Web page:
Raised Bed Vegetable
A raised bed vegetable garden is the cure for many gardening ills. If your gardening space is limited you can put raised beds though out your landscaping, like along your driveway or sidewalk. You can even place some along a south-facing wall. They can be any size or shape to fit your needs.
If your garden area is always wet then a raised bed is just the answer. Your vegetables will grow above the wet portion of the garden. A raised bed also gives you the opportunity to build up better soil in the bed than you may already have in your garden plot. Another benefit is a raised bed warms up quicker in the spring so your growing season can start a little earlier.
You can use terraced raised beds to level off sloped areas that would otherwise be unsuitable for a vegetable garden. It might be 6" high at one end and 18" high at the other but at least it would be level.
You can also build raised beds so they can be easily reached from a wheel chair if necessary.
Building A Raised Bed Vegetable Garden
The wood to use for a raised bed is a matter of preference and price. Cedar is a good choice because it is fairly rot resistant but it is expensive. Pine is cheaper but it will rot within three to six years and will have to be replaced. Pressure treated wood for me is not an option. I don't like the chance of any chemical leeching into the soil and getting into my food. To be fair there have been studies done that say it would take a person eating these vegetables everyday for thirty years for the chemicals to become toxic to humans. It should be safe to go the pressure treated route, but I wouldn't.
A good width for a bed is 3 to 4 feet. With these widths you can easily reach into the bed without stepping into it to go about your gardening duties. If your bed is against a wall 2 feet should be your maximum easily reachable width.
The length can be any you wish. But 8, 10, 12 feet are common dimension lengths for lumber. If you build longer than 8 feet you will need intermediate supports so the sides won't bow out after you fill the bed with soil.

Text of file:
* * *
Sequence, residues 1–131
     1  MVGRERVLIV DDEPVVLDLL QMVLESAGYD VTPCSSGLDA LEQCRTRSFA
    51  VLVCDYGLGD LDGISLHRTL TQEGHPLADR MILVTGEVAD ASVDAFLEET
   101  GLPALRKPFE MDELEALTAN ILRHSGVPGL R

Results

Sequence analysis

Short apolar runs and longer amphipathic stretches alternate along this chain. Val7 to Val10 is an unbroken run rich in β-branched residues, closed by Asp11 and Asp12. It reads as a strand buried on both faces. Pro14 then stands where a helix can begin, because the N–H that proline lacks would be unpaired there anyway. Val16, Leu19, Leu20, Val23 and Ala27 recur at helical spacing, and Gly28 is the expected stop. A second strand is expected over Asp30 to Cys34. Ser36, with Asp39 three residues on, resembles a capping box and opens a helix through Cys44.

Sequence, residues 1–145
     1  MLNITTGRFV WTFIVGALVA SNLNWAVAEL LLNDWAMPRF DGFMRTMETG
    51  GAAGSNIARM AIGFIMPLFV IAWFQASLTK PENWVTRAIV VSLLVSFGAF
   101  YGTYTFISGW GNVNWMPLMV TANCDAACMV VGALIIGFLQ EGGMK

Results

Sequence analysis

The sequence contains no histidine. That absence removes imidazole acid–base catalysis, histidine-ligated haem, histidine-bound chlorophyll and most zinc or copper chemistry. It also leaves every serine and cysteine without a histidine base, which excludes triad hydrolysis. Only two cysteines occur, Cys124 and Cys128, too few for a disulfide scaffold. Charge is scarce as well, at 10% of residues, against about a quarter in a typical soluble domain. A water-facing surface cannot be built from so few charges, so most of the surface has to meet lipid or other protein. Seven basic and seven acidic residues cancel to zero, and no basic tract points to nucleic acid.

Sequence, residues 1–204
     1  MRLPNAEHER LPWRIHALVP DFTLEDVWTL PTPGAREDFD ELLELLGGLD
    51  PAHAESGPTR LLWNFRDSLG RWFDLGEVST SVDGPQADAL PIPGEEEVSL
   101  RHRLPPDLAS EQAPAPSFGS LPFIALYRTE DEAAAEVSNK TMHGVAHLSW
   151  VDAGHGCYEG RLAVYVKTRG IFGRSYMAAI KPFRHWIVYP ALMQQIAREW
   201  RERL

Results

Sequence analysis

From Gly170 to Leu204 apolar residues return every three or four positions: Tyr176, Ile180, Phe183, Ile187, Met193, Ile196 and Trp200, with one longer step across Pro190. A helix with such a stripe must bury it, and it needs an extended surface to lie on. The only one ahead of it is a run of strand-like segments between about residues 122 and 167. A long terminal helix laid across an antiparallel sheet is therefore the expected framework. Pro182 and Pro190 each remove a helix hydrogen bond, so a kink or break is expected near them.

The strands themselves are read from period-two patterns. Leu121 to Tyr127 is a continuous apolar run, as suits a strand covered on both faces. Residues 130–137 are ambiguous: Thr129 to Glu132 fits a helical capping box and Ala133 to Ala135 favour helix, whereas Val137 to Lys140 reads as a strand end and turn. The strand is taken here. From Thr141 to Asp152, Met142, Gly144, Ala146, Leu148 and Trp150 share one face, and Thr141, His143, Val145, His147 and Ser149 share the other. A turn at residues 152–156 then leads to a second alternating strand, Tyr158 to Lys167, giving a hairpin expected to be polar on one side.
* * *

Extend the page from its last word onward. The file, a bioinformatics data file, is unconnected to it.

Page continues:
The sides should be built with 2" thick boards such as 2"x 6", 2"x 8", 2"x 10", 2"x 12" depending on what height you want your beds. They should be a minimum of 6". But 12" is a good height to sit on the edge of the bed as you work in the garden; this will save your back. With more structural support the beds can be built even higher for wheel chair height or to be able to work in from a standing position.
A good size for a raised bed vegetable garden is 4'x 8'. If you were to use 2"x 12" lumber this size bed would only need 3 of them to build. Two full length for the sides and one cut in half for the ends. You can build a bed as small as 2'x 2' and still grow quite a few veggies in that space and it would fit into many areas of your landscape.
Soil For A Raised Bed Vegetable Garden
This is where the raised bed gardener can excel. You can build up the soil in the bed to your exact needs and it can be much better than the existing soil the bed is built on. It will be loose and easily tilled by hand every year.
A large bed will require a large amount of soil to fill. The best mixture is about half soil to half compost. You can also add a little sand if more drainage is needed. You will most likely have to buy what you need to fill each bed. You can start off with some of your existing soil of course and build up with compost from there. I'm telling you again from experience it will take much more soil than you think. Believe me. Been there, done that. Just tell the person you are buying from your dimensions and they will tell you how much to buy.
When your bed is full of soil just make sure the PH is in the correct range of the vegetables you want to grow. You can get a PH test kit at your local garden supply.
Hopefully this page has started you off in the right direction for your raised bed vegetable garden.
Raised Bed Vegetable Garden
Planning A Vegetable Garden
Bountiful Vegetable Gardening Homepage